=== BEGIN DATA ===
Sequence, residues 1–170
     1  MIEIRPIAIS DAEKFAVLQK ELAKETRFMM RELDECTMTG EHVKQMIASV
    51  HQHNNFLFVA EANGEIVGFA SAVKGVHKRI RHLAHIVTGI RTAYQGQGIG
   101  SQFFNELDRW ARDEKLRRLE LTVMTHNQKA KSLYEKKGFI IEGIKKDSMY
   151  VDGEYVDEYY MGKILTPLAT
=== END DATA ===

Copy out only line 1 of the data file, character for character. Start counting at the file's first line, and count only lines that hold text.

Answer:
Sequence, residues 1–170